If there was a need for further proof that apartment living is gaining popularity nationwide, we have it!! In recent reports we learned that:
1. Some 2 million new renter-occupied households were added in 2014, while the number of owner-occupied households decreased by more than 350,000, according to a Jan. 28 report from the U.S. Census Bureau.
2. Nine of the 11 most populous metro areas in the United States have more rental households than owner households, a Feb. 9 study from New York University’s Furman Center and Capital One Financial Corp. stated.
3. The fact that most of the job growth today is in low-wage, even part-time, positions is bad news for the home-ownership rate but good news for the apartment industry, according to an article by Freddie Mac Chief Economist Leonard Kiefer.
Total Rental Occupancy at 21-Year High
All those new renter households are being formed because of increased job growth nationwide, according to a “Bloomberg Business” article about the Census Bureau report. The 2 million new occupied rental units include apartments, duplexes, triplexes, quadplexes and rented single-family homes.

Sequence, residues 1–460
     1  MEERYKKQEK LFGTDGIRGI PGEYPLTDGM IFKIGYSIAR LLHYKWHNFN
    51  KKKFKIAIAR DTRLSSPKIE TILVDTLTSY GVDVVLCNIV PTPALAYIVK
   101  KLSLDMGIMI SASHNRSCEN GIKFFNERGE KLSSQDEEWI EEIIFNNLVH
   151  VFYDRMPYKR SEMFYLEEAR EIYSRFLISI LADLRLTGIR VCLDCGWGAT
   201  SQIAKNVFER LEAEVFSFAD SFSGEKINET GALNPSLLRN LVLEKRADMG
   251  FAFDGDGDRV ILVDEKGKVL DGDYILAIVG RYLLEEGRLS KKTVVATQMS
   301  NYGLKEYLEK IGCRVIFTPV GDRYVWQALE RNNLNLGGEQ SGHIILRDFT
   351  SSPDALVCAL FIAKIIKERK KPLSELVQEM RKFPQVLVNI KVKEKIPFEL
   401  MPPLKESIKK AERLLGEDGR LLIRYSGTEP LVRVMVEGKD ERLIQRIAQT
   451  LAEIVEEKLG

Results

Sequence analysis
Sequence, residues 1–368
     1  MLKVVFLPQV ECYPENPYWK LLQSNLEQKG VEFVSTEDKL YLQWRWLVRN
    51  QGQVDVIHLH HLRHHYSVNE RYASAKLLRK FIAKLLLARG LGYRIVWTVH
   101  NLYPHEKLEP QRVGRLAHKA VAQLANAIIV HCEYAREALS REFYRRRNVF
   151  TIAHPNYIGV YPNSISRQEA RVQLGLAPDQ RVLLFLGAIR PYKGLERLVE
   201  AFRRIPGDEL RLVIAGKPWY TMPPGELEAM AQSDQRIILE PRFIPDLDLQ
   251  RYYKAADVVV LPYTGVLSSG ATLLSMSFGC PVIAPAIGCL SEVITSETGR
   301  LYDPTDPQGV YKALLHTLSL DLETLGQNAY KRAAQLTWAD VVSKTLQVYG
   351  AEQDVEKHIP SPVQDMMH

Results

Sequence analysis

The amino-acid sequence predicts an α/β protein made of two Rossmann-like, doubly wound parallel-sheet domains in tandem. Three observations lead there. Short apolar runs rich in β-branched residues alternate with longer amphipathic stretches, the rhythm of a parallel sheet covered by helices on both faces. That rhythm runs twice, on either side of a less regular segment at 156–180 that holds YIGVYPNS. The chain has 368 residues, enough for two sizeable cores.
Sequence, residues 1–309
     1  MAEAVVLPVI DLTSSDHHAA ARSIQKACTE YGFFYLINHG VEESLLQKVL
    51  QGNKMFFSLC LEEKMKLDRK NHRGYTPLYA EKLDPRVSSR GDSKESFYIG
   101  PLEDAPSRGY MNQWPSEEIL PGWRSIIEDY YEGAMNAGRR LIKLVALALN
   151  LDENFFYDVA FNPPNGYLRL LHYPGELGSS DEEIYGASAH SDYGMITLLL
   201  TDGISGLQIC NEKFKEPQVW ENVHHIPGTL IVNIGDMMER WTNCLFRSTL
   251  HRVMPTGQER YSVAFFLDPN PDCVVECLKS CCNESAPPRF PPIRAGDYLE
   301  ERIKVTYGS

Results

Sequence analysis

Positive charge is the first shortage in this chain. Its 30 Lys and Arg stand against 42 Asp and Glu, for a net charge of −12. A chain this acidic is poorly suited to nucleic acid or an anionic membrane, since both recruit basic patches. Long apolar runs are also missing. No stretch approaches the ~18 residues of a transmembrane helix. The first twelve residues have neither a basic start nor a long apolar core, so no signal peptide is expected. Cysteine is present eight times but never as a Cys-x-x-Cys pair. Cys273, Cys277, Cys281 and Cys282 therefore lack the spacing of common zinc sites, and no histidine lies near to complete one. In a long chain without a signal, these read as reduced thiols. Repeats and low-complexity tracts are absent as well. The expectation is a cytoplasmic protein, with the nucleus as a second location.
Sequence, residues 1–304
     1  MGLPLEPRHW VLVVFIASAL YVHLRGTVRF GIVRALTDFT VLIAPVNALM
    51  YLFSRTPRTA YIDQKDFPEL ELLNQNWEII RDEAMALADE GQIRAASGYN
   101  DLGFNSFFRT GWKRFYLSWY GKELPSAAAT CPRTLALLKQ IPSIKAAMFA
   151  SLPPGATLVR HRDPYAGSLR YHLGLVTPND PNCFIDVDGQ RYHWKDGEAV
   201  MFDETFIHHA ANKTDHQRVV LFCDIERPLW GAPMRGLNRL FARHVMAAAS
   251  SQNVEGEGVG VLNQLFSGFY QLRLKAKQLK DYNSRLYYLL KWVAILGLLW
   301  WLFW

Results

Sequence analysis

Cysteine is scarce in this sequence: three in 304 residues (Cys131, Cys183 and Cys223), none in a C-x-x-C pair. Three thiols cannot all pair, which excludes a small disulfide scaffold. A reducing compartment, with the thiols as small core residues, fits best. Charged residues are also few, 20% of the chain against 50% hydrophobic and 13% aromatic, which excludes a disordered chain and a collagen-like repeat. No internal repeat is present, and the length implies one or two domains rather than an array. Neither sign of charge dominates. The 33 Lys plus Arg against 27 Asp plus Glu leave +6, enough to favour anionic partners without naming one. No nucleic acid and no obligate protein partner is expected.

Rental housing as a whole was 93% occupied in the fourth quarter of 2014, the report stated, the highest since 1993. Apartment properties with five or more units were 94.6% occupied in January 2015, according to data from Axiometrics, which collects its statistics by calling every property in its database every month.
Bloomberg reported that many of the new households are being created by millennials moving out of their parents’ homes.
Low Wages, More Apartment Demand
Renter-by-choice has been a common phrase in apartment circles. Apartments’ increased popularity is partly a function of millennials delaying homeownership along with some empty-nesters downsizing.
But Freddie Mac’s Kiefer writes that “most of the projected job openings over the next several years will be in low-wage/low-skill occupations that tend to have very low homeownership rates.” Translation: Most of these workers will likely be living in apartments.
Though some credit barriers to homeownership are being lowered and single-family building permits nationwide are on the upswing, the long-term outlook is, according to Kiefer, that most of the jobs to be created will not pay enough to qualify the workers for homeownership.
The takeaway from the three reports is that apartments are predominant in many metros, and the jobs outlook shows demand will continue. All in all, it’s a good time to be involved in the apartment market.